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Uncle Albert: 1960

Uncle Albert: 1960

Connoisseur, bon vivant, raconteur, collector of first editions, advertising executive, typography historian, WWII Army Air Corps Photo Recon NCO, and my mother's twin brother, Uncle Albert hoists a Christmas toast in the living room of his San Francisco home in December 1960. You can tell it's Christmas by the holly in the table vase and the star ornament sticking up from the areca on the right; that's his Christmas tree. I took this with my Brownie Starmite. Full size.

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People in those days just looked different than they do today; and it's not the clothes or hairstyle.

Q. and A.

Uncle Albert bears an uncanny resemblance to broadcast personality Robert Q. Lewis.

Perry Mason 1960

The acting in a lot of these runs the gamut from wooden to leaden. But you gotta love the cars. There are a couple episodes featuring the 1960 Mercury Park Lane (one as the murder weapon, or so we're led to believe). And then an episode whose main stars seem to be the 1960 Buick. The Case of the Dueling Le Sabres, I call it. One has a side mirror that wobbles very noticeably when the door is slammed.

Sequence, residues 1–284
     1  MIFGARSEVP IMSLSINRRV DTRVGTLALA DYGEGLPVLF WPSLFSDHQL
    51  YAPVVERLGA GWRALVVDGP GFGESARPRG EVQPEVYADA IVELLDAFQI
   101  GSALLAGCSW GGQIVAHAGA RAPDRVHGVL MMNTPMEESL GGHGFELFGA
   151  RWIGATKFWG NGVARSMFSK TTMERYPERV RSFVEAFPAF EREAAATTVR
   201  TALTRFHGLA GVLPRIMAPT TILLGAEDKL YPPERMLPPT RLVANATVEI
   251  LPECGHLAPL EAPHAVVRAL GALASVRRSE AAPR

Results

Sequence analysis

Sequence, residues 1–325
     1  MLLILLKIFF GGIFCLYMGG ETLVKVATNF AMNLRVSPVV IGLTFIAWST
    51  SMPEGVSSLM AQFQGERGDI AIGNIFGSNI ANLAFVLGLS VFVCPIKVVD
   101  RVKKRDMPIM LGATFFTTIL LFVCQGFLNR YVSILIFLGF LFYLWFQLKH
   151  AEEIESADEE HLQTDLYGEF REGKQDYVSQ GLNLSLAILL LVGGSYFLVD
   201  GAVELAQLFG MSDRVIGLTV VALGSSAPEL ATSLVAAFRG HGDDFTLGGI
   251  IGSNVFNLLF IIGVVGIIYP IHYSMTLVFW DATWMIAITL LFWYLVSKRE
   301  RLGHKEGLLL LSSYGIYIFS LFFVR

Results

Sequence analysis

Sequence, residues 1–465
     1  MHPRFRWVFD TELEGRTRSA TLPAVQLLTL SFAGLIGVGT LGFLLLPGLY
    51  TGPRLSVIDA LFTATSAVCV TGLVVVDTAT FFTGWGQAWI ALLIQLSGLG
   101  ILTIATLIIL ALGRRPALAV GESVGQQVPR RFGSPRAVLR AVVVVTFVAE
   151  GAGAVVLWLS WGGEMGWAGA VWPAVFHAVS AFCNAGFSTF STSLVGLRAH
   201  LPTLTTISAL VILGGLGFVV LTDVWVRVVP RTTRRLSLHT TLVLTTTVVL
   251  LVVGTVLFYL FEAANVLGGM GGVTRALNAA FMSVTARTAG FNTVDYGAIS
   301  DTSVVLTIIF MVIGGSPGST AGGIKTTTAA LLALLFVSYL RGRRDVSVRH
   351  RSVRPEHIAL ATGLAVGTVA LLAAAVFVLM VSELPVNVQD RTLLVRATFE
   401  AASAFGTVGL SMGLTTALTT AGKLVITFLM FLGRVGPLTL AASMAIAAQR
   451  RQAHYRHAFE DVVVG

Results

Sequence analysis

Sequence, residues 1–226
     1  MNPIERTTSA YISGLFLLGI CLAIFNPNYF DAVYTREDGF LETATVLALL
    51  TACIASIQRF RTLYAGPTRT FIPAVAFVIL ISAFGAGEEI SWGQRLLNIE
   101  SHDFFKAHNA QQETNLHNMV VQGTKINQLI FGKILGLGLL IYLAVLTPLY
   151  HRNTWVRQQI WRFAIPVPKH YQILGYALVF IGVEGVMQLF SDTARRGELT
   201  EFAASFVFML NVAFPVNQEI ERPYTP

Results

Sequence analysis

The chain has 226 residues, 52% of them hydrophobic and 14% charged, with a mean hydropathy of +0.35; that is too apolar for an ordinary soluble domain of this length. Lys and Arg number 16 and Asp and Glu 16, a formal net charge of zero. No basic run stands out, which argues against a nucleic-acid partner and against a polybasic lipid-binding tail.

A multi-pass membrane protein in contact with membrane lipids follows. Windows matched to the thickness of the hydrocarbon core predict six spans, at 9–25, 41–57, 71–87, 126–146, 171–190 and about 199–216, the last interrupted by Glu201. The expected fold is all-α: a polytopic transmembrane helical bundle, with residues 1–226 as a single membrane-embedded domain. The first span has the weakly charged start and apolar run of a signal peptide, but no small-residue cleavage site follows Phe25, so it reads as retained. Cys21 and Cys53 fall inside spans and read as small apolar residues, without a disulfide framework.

The episode with the tripod planter has the pianist character killed after his car plunges off a cliff -- a 1930s sedan in an ancient clip used several times on the series.

These are the episodes with no Hamilton Burger, after William Talman got fired for violating the morals clause in his contract (nekkid pot party). But I digress. We're so sorry, Uncle Albert.

America's Most Amazing Coincidences

We had one of those planters around this time as well, in our dining room, a white fiberglass one, first with a split-leaf philodendron and later a dieffenbachia. I always thought of them as egg shell planters, but bullet seems to be the more common descriptor. No photos, alas. And I just watched the first episode from the new Perry Mason set last night, too. No planters, but a cool T-Bird, and Robert Redford to boot. But I digress...

The Case of the Fiddle-Leaf Ficus

Yesterday a package from Amazon arrived at my doorstep with Season 4, Volume 1 of "Perry Mason." The answer to my question would be "The Case of the Provocative Protege," original air date November 12, 1960. Eerie, no?

The MG and Me

Thanks for this one too. When I saw the first MG pic I thought, "Wow. San Francisco. 1955. Driving an MG around. must've been a heckuva time." As a matter of fact, I wish I could've driven a cream-colored MG around San Francisco in 1955.

Red Wing Chair

That leather chair was also red. He had a matching green one in the room, too.

More MG

Another slide of Uncle Albert with his MG, c.1956.

Winging It

My grandparents had that same chair, theirs was red.

May I interest you in something Cool?

Oh, I bet he was an absolute blast! His look in the pic is priceless. On a wild guess, was he a "confirmed bachelor," as they used to say?

Yes, he's the guy

With the MG. It was cream-colored, actually.

Was he the guy

who owned the white MG?

Classic Tripod

Classic fiberglass tripod planter. Which episode of "Perry Mason" was this?

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